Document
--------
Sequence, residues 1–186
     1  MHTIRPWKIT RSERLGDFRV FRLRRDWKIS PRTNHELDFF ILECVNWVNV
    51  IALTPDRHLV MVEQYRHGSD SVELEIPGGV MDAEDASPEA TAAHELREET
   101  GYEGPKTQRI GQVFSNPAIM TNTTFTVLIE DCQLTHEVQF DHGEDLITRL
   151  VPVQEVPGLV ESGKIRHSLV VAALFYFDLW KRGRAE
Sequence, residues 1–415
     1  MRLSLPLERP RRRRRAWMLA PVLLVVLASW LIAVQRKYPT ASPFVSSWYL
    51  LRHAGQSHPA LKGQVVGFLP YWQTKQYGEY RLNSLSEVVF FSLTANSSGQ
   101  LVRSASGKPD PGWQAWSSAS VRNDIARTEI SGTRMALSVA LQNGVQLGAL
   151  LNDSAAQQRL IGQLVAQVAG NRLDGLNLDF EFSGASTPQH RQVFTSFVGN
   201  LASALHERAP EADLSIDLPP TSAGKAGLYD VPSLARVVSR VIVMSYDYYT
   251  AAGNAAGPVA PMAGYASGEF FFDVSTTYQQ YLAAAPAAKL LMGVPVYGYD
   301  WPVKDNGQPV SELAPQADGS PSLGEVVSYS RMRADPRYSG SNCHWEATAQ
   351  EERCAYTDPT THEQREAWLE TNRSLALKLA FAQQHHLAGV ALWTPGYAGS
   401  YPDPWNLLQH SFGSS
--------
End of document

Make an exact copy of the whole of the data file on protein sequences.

Sequence, residues 1–186
     1  MHTIRPWKIT RSERLGDFRV FRLRRDWKIS PRTNHELDFF ILECVNWVNV
    51  IALTPDRHLV MVEQYRHGSD SVELEIPGGV MDAEDASPEA TAAHELREET
   101  GYEGPKTQRI GQVFSNPAIM TNTTFTVLIE DCQLTHEVQF DHGEDLITRL
   151  VPVQEVPGLV ESGKIRHSLV VAALFYFDLW KRGRAE
Sequence, residues 1–415
     1  MRLSLPLERP RRRRRAWMLA PVLLVVLASW LIAVQRKYPT ASPFVSSWYL
    51  LRHAGQSHPA LKGQVVGFLP YWQTKQYGEY RLNSLSEVVF FSLTANSSGQ
   101  LVRSASGKPD PGWQAWSSAS VRNDIARTEI SGTRMALSVA LQNGVQLGAL
   151  LNDSAAQQRL IGQLVAQVAG NRLDGLNLDF EFSGASTPQH RQVFTSFVGN
   201  LASALHERAP EADLSIDLPP TSAGKAGLYD VPSLARVVSR VIVMSYDYYT
   251  AAGNAAGPVA PMAGYASGEF FFDVSTTYQQ YLAAAPAAKL LMGVPVYGYD
   301  WPVKDNGQPV SELAPQADGS PSLGEVVSYS RMRADPRYSG SNCHWEATAQ
   351  EERCAYTDPT THEQREAWLE TNRSLALKLA FAQQHHLAGV ALWTPGYAGS
   401  YPDPWNLLQH SFGSS